Netanyahu to Gantz:
'The ball is in your court - let's form a unity government'

'The ball is in your court', PM tells Blue and White chief during address Thursday. 'Show responsibility, and join a unity government.'

Hezki Baruch,

Netanyahu Thursdayevening
Netanyahu Thursdayevening
PR

Prime Minister Binyamin Netanyahu called on Blue and White party chief Benny Gantz to form a unity government with the Likud, telling the former IDF chief of staff the ‘ball is in his court’ after President Reuven Rivlin tasked Netanyahu with forming a government.

“I compromised a great deal,” Netanyahu said, during a gathering of Likud party activists Thursday night.

“We agreed to consider the president’s compromise arrangement,” continued Netanyahu, referring to President Rivlin’s suggestion the two parties break the electoral deadlock by agreeing to a power-sharing arrangement.

“Now I say to you: Benny, the ball is in your court now. I know that you have all kinds of advisers telling you to do this or that, but sometimes the right thing to do is the simple thing. Get up and do something – demonstrate responsibility and join a unity [government].”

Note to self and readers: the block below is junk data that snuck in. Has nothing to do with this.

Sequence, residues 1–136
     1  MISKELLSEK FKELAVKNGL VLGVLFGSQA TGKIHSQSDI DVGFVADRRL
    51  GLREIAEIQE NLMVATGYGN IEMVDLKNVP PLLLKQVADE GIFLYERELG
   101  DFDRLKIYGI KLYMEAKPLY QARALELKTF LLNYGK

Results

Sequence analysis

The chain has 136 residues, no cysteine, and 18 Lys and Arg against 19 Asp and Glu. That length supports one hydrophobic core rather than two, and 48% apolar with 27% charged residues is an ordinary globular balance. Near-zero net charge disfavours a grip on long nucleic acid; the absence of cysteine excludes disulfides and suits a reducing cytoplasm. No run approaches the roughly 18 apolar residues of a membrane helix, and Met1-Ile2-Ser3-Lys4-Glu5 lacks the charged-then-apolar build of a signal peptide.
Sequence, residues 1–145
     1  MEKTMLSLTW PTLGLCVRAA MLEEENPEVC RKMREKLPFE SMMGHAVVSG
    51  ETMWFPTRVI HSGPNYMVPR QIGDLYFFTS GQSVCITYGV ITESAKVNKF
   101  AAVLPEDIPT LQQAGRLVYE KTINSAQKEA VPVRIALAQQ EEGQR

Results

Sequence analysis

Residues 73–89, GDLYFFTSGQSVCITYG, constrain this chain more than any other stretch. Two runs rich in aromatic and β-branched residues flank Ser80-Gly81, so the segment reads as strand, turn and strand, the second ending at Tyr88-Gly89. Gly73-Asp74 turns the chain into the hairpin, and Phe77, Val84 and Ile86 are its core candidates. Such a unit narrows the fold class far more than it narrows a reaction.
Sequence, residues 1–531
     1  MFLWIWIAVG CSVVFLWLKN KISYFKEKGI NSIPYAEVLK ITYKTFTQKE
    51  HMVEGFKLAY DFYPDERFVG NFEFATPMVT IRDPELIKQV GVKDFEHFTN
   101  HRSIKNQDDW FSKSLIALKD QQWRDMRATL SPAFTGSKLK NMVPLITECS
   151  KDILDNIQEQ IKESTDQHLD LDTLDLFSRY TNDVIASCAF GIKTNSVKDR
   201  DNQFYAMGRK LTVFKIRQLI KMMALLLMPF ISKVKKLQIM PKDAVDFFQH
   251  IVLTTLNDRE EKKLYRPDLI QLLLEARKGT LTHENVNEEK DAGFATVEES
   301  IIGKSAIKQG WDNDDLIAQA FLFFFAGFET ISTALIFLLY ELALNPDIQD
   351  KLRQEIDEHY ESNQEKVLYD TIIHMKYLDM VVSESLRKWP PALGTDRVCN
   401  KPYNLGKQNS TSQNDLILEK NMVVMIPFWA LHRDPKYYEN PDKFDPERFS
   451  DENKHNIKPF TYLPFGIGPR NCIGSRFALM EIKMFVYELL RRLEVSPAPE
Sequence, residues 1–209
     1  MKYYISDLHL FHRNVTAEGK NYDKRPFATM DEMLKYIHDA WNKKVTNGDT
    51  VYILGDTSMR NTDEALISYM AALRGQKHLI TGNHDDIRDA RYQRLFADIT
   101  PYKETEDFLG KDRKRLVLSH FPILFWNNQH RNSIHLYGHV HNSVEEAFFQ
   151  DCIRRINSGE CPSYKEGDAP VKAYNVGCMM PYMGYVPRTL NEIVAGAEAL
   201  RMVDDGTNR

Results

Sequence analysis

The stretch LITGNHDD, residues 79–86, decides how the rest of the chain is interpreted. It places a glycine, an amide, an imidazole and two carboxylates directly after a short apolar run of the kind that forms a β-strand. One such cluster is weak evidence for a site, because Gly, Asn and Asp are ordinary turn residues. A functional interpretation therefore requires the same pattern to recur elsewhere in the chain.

Aside from his overtures to Gantz, Prime Minister blasted the Blue and White party, accusing it of plotting to dismantle the Likud.

“It is no secret that we wanted a right-wing government. More than a million citizens voted for the Likud, and I thank each and every one of you. Over two million voters backed me as prime minister,” continued Netanyahu, referring to all the votes to parties which endorsed Netanyahu as premier. “That’s more than any other candidate.”

“Despite all of these accomplishments, however, we have to say the truth: it still is not enough to make a government. But the other side also doesn’t have enough to make a government. They also didn’t get what they wanted. Therefore, the only option is a broad unity government, what the president called for yesterday.”

“But on the other side [Blue and White], they have all kinds of ideas… at the beginning, they thought that they could break up the nationalist camp, splitting us from our allies. That didn’t happen. We have close partners, and after I got the mandate [to form a government], thank God, it can’t happen mathematically. The cooperation between us [the right-wing bloc] is stronger than ever. So now what does the other side think? What do they imagine they can do? Now they think that they can break up the Likud.”




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